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Verbs Followed Only by Infinitives

(The verbs are arranged alphabetically. Each verb is followed by an example.)

agreeThey agreed to give him a try.

appear
He appeared to know everything.

arrange
I have arranged to meet him on Monday.

ask
She asked to see her doctor.

care
He doesn't care to answer

choose
We chose to ignore it.

claim
He claims to be an expert.

decide
She decided not to go to the party.

demand
I demand to see the person in charge!

deserve
He deserves to win the contest.

expect
He expected to be home sooner.

fail
They failed to follow the instructions.

get
It's not fair that she gets to see him before the others.

happen
I happened to pass by, so we had a chat.

hesitate
Don't hesitate to call.

hope
I hope to see you soon.

intend
She didn't intend to hurt you.

know howHe knows how to to run a business.

learn
He learned to speak Spanish very quickly.

manage
We managed to finish everything on time.

offer
He offered to go for a walk.

plan
You planned to meet us here.

prepare
We were preparing to leave when the phone rang.

pretend
He pretended not to hear a word.

promise
She promised to take us with her next time.

refuse
I refuse to cooperate.

seem
It seems to be broken.

swear
He swore to revenge.

tend
These plants tend to grow slowly.

threaten
He has threatened to hurt us.

undertakeShe undertook to design the new collection.

wait
The runners were waiting to start.

want
I want to speak with you in private.

wish
I wish to change my address.

would like
I would like to add something before we continue.

yearn
She yearns to go free.

Some verbs can take both gerunds and infinitives, with only a slight difference in the meaning (as explained in Part Iabove).

 

Verbs Followed by Gerunds or Infinitives

(with a significant change in the meaning)

(The verbs are arranged alphabetically. Each verb is followed by an example.

Forget

He forgot opening the window. (Meaning: He opened the window, but he forgot doing so.)

He forgot to open the window. (Meaning: he was supposed to open the window, but he forgot.)

regret

She regrets quitting her job. (She quited her job, and now she regrets it.)

She regrets to quit her job. (She is sorry to quit her job.)
stop

He stopped chatting. (He was chatting, and then he stopped.)

He stopped to chat. (He was doing something else, and then he stop in order to chat.)

remember

I remembered locking the storage. (I had a memory in my mind of locking the storage.)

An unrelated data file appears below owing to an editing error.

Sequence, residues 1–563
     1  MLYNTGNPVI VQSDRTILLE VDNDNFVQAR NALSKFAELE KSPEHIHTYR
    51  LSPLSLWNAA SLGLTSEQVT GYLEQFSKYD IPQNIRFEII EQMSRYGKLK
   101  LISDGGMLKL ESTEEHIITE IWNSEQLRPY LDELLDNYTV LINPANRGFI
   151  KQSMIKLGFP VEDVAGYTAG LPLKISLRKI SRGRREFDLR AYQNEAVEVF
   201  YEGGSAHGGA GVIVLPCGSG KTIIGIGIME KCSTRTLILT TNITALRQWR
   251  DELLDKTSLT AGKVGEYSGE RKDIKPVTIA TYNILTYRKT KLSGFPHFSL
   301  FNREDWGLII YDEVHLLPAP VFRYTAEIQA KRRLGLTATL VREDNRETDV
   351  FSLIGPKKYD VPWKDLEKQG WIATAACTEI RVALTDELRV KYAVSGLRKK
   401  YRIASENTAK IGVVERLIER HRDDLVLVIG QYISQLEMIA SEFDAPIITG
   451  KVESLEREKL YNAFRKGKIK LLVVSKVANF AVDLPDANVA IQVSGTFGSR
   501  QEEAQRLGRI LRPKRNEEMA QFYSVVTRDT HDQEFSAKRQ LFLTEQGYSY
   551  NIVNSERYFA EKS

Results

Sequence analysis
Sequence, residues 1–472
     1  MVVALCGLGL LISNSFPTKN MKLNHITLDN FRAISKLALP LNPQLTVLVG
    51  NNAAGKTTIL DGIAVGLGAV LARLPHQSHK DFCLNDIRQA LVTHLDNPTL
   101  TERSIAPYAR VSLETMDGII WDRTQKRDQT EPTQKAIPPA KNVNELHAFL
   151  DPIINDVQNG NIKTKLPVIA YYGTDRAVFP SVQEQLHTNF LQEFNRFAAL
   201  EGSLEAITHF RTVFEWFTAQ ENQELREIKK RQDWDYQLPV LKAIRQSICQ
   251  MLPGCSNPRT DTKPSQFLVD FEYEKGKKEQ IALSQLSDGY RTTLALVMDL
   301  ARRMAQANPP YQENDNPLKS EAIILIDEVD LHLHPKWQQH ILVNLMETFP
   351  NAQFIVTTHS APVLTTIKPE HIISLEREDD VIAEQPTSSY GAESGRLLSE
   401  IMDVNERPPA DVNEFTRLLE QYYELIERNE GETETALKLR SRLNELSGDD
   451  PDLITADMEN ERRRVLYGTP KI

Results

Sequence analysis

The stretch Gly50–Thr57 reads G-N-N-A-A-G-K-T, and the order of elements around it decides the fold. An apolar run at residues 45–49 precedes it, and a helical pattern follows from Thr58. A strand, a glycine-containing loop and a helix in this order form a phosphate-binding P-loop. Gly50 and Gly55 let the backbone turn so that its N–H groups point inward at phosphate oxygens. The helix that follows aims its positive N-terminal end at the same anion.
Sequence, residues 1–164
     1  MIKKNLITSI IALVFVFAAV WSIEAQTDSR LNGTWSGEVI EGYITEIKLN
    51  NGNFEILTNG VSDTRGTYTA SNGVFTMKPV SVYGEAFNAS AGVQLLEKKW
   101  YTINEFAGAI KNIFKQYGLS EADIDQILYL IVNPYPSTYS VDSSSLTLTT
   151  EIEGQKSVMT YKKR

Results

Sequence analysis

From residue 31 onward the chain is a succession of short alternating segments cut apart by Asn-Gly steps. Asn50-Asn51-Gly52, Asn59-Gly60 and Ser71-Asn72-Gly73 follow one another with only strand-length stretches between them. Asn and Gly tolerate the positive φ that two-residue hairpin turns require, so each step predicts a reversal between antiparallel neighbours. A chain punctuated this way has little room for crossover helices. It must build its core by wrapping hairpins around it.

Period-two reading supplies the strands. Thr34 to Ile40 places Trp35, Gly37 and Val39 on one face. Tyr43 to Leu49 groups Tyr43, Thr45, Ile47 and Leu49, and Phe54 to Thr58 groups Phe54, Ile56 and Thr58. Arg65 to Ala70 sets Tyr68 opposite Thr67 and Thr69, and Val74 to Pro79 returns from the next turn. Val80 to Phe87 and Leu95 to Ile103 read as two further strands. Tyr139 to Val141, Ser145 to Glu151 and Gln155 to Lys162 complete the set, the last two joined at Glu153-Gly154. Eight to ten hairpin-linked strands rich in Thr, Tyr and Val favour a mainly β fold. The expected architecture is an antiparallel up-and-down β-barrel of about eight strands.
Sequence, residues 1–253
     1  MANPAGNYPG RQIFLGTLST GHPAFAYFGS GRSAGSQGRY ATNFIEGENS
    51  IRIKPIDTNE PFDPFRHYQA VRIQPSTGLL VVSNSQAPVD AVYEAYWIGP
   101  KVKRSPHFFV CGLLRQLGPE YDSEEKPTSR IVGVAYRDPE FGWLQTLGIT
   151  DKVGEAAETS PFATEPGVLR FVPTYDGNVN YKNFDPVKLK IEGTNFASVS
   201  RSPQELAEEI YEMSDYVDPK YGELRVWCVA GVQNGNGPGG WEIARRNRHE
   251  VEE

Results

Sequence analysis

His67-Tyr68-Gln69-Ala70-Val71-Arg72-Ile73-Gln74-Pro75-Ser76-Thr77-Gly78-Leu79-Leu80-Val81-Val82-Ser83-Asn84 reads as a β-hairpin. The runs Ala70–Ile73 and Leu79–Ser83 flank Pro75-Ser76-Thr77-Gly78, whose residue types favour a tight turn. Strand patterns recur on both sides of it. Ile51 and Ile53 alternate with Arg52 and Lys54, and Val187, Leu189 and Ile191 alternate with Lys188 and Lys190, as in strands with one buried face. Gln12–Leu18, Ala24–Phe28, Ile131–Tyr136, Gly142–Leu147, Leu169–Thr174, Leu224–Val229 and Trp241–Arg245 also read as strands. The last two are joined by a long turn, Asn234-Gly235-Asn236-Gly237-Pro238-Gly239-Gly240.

I remembered to lock the storage. (I locked the storage as I should have.)

Try

They tried moving to Australia. (They moved to Australia for some time to see if it works out for them.)

They tried to move to Australia. (They made an attempt to move to Australia, but it wasn't successful. They didn't move to Australia after all.)

Part III

So when you need to decide which one to use, first check whether the main verb is limited only to gerunds, or only to infinitives.

If the verb is not on any of the lists, you can use the following guidelines:



  • The word "go" + sports or recreational activities usually take a gerund.
    Examples: "Let's go shopping", "They went skiing".
  • After a preposition you should use a gerund.
    Examples: "I will talk with you before going to lunch" "I am looking forward to working with you".
  • Expressions with the words "have", "spend" and "waste" take a gerund.
    Examples: "She had fun skiing", "He wasted all his time worrying".
  • In many cases, the infinitive form is used to show the intention or purpose.
    Examples: "We are here to help", "He left to catch the train".
  • The infinitive form is also used to show the reason.
    Examples: "we were sad to hear about your difficulties", "She was shocked to learn the truth".
  • If neither of these guidelines applies, simply use the principle in Part I above.
    Does it describe a concrete action? Then use a gerund.
    Does it describe a general or potential action? Then use an infinitive.
    Examples: "As a painter, I truly love painting",
    "I love to paint. I wish I would paint more often".

Anyhow, whenever you are in doubt, you can always use a dictionary to help you out!Oxford Advanced Learner's dictionary is a really good one to use. It shows you whether the verb requires a gerund, and infinitive, or can take both. Just look at the data bellow the definition.

 

Practice Gerunds & Infinitives with these tests:


Date: 2015-12-24; view: 212


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